About 25 people attended a public hearing Monday afternoon at the Venice Public Library to offer their opinions on a proposed temporary zip line ride on Venice Beach with most citing concerns about commercialization of the park, traffic and noise.
The public hearing was hosted by the city's Department of Public Work's Bureau of Engineering as part of the city's application for a coastal development permit from the California Coastal Commission. The Bureau of Engineering's draft report found that the project satisfied the six requirements for a coastal developmnent permit and recommended approval of the project.
A decision by the city on the zip line project was expected Tuesday by the end of the day, said James Doty of the Bureau of Engineering.
The city's Parks and Recreation Department is mandated to self-generate $30 to $40 million of its annual $185 million budget and Venice Beach, which attracts roughly 16 million visitors a year, has become a draw for private ride operators willing to split revenue with the city. The zip line proposal has been under consideration since May, after an earlier proposal to erect a giant Ferris wheel on Venice Beach this summer was met with strong criticism from the community.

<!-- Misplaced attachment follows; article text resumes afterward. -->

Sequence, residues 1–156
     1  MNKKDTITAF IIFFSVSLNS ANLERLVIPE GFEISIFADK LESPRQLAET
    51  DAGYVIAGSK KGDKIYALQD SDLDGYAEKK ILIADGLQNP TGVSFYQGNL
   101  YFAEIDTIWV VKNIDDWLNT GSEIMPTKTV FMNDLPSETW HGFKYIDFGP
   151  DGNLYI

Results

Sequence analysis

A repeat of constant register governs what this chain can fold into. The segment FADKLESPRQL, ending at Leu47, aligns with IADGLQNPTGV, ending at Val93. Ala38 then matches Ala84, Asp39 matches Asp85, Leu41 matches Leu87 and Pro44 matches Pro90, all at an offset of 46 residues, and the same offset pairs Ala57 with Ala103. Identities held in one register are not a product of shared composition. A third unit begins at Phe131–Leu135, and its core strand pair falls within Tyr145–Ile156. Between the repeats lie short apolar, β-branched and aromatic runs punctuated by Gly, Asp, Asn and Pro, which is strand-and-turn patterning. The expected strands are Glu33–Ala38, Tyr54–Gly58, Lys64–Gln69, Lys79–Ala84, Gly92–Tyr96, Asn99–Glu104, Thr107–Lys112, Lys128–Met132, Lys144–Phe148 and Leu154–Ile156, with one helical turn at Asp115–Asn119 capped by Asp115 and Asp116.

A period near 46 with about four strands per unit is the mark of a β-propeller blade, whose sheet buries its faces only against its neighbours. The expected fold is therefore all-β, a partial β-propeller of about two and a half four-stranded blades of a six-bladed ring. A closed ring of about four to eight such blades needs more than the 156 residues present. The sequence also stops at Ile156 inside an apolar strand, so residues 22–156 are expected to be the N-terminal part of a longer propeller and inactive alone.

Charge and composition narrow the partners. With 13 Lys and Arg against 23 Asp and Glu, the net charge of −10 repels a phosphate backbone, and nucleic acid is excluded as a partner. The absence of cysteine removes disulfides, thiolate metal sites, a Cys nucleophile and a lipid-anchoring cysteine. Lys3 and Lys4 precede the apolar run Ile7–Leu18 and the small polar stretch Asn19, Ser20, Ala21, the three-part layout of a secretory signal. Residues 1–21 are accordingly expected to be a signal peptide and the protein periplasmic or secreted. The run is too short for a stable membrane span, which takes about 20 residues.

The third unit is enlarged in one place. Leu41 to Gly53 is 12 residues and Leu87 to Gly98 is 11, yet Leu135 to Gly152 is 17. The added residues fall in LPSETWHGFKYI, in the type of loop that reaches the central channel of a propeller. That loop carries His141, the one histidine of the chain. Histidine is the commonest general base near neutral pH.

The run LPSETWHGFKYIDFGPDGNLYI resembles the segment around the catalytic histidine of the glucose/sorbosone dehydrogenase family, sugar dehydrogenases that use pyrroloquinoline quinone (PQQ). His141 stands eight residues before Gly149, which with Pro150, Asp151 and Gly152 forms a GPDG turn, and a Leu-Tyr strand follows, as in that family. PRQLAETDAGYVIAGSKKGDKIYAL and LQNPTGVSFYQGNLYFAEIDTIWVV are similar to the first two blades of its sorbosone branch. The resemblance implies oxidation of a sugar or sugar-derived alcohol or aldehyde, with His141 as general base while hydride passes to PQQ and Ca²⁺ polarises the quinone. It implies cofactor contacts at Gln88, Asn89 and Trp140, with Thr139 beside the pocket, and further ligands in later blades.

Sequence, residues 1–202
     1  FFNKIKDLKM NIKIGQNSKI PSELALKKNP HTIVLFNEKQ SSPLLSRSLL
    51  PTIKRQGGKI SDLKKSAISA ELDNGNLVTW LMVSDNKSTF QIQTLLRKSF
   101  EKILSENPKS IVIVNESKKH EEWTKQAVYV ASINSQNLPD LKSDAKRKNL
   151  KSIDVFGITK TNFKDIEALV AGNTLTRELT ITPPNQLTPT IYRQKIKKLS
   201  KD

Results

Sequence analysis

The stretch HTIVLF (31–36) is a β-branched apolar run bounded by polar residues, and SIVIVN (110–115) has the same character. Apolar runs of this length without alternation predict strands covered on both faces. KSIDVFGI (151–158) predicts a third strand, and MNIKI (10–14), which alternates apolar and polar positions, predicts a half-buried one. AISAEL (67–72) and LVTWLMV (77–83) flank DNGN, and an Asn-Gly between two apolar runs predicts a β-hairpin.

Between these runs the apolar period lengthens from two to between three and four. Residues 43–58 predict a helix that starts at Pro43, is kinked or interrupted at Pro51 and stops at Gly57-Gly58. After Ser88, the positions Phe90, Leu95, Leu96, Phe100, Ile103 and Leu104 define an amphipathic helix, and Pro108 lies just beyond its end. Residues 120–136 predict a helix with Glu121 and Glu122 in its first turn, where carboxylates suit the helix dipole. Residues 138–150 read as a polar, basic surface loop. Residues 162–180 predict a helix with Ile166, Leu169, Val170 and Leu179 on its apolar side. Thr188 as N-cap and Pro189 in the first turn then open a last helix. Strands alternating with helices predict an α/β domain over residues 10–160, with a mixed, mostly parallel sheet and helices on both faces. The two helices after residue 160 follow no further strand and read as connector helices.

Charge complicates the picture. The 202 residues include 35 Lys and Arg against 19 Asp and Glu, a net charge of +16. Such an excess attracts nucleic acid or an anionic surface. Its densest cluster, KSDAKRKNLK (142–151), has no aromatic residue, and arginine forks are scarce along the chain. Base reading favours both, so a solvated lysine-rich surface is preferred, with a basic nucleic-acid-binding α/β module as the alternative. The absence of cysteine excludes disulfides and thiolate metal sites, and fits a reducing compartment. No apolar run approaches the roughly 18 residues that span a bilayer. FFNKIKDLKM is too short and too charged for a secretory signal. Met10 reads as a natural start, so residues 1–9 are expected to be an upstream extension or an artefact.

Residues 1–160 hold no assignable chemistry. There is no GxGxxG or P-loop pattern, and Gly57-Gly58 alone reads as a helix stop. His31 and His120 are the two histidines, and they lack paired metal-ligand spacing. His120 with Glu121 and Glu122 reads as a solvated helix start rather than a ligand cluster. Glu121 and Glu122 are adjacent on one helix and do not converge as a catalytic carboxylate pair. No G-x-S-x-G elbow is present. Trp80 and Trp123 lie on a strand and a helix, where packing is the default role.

Los Angeles City Councilman Bill Rosendahl attended the hearing Monday and said he supports the project, partly because ride operators will share part of the revenue to pay for bathroom cleanups and trash maintenance on Venice Beach.
The city said the zip line would be about 600-feet long, a change from previous statements that it would be about 720-feet long, and would cost $20 for an approximately 40-second ride. The permit calls for a three-month pilot program with Canadian-based Greenheart Conservation Company.
The zip line's 50-foot tall launch tower would be located across the boardwalk from the red-and-white awning of the Sidewalk Cafe, with the landing tower located west of 17th Avenue just north of the basketball courts. Ride operators expect to have three tandem zip lines with riders being given a bracelet with designated ride times to prevent long lines. The ride would operate from 11 a.m. until dark and would employ about 20 people. In addition to the ride, several live performances would be conducted throughout the three-month period.
The Venice Neighborhood Council in May voted 8-6 with three abstentions in favor of the proposal with 15 conditions attached. Those conditions included a pledge that two-thirds of gross revenues be spent on Venice Beach for maintenance and enhanced services and that the attraction be dismantled at the end of the three-month trial period.
Rosendahl said he hoped the permit application would be in front of the California Coastal Commisison at its August meeting and the ride, which can be assembled in 72 hours, could be open in time for Labor Day.